{"API Evangelist"}

Some Of The Common Building Blocks Of API Deprecation

I spend my days mapping out the API life cycle, keeping track of what I consider to be the 50+ areas of a modern API life cycle, based upon the approach I am seeing from leading providers. One area of this life cycle I'm spending way more time than I want to be lately, is in the area of API deprecation

This is why I conduct my API research in the way that I do, because when people approach me for advice, guidance, or brain dump in any of these areas, I have a wealth of resources I can pull from. Sadly I have a couple of folks ask me for input on what I'd consider to be a good approach to individual API deprecation, as well as entire company, platform, and API deprecation.

Sadly, there very few "good approaches" to shutting down your APIs in the wild. Luckily there are quite a number of very bad approaches available, that we can reverse engineer, and begin putting together a scaffolding for what might be some possible best practices, when it comes to API deprecation. 

I went through what I had curated as part of my API deprecation research, and assembled these common building blocks:

Types

Runway

Communication

Tooling

Licensing

Virtualization

Management

Support

Like the areas of my API life cycle, these API deprecation building blocks are by no means complete. I'm just extracting some of the comment elements that I see when I look through just the little bit of API deprecation history that I've managed to curate. The trick now, is to find more time so that I can dig deeper, and find the API deprecation stories I do not have indexed, and hopefully establish a timeline of sorts, along with some of the other possible building blocks that might help folks craft their own deprecation strategy.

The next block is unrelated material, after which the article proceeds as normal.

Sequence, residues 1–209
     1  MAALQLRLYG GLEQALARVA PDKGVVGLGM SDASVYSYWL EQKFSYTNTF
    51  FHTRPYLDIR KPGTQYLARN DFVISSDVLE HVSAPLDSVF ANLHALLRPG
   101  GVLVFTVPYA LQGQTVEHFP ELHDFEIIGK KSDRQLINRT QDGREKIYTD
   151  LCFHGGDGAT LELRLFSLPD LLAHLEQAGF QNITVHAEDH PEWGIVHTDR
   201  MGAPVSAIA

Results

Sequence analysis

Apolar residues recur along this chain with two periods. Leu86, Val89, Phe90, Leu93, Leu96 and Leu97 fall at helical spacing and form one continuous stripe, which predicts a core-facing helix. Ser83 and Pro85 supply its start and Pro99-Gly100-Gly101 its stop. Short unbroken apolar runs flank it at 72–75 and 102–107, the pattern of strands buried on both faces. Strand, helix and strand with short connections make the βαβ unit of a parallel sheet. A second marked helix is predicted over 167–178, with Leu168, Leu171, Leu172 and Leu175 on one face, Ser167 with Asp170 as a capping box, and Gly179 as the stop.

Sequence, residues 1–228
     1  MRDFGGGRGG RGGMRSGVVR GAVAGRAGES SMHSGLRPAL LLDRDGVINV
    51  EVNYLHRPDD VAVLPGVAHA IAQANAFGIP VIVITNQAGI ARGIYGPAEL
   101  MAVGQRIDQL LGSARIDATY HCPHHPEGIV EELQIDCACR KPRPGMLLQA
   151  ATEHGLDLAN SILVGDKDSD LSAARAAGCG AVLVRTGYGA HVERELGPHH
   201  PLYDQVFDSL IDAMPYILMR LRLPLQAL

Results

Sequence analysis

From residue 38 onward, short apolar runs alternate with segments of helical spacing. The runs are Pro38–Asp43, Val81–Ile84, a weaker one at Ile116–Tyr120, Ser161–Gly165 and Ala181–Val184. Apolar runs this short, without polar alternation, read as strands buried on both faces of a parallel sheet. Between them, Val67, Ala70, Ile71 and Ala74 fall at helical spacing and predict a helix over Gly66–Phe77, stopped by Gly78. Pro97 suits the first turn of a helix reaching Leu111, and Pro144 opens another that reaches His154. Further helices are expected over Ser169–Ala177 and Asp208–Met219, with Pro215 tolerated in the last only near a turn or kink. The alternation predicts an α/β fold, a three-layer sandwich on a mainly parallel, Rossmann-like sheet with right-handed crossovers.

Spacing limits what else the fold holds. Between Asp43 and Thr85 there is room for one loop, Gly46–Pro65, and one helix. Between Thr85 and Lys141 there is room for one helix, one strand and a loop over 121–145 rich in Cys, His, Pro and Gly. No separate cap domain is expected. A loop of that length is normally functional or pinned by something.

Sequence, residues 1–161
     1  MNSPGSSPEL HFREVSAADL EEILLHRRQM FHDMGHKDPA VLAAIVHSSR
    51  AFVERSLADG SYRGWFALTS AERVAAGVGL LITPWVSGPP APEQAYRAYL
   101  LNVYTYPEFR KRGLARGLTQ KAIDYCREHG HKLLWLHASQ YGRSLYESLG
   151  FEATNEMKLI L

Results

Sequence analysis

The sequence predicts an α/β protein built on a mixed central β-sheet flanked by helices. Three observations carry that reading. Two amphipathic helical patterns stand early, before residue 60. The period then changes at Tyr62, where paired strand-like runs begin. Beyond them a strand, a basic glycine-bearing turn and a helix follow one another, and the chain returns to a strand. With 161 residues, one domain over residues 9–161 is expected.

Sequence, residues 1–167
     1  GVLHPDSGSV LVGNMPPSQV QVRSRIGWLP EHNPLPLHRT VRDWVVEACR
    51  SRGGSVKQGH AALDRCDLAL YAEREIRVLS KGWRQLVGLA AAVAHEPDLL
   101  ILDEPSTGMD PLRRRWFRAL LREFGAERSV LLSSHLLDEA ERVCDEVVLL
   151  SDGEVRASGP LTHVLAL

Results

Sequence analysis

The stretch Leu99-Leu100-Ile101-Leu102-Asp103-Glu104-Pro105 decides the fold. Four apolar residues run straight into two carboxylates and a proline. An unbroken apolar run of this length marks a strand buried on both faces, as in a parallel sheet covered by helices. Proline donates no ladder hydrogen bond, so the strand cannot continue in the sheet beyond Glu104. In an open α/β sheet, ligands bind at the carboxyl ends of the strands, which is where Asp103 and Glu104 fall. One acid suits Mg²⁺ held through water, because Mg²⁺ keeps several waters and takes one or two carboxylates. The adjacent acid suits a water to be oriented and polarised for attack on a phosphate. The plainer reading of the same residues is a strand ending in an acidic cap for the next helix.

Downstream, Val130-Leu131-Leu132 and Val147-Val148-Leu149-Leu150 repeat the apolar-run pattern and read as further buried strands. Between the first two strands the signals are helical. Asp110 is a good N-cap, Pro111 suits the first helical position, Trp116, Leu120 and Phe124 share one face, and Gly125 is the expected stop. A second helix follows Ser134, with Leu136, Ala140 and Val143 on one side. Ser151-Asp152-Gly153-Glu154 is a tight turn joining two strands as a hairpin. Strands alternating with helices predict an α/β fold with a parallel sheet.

I'd love to hear your thoughts on what you think should be considered as part of the inevitable API deprecation process. I thought my friend Mark Boyd (@mgboydcom) did a good job capturing the reality of API deprecation from a provider view, as well as what things look like from the API consumer vantage point, if you need a good narrative of what I'm trying to achieve.

Ultimately I think this is a conversation we need to be having more often, with more API providers, out in the open. I'd like to see more platforms publish what their API deprecation strategy is, either as a blog post, or in a more formal way. I'll spend more time next week, digger deeper in the past to find some of the more high profile API deprecation that I'm missing in my research, gather feedback from folks I'm talking to about their API deprecation strategies, and hopefully evolve this list of common API deprecation building blocks forward more.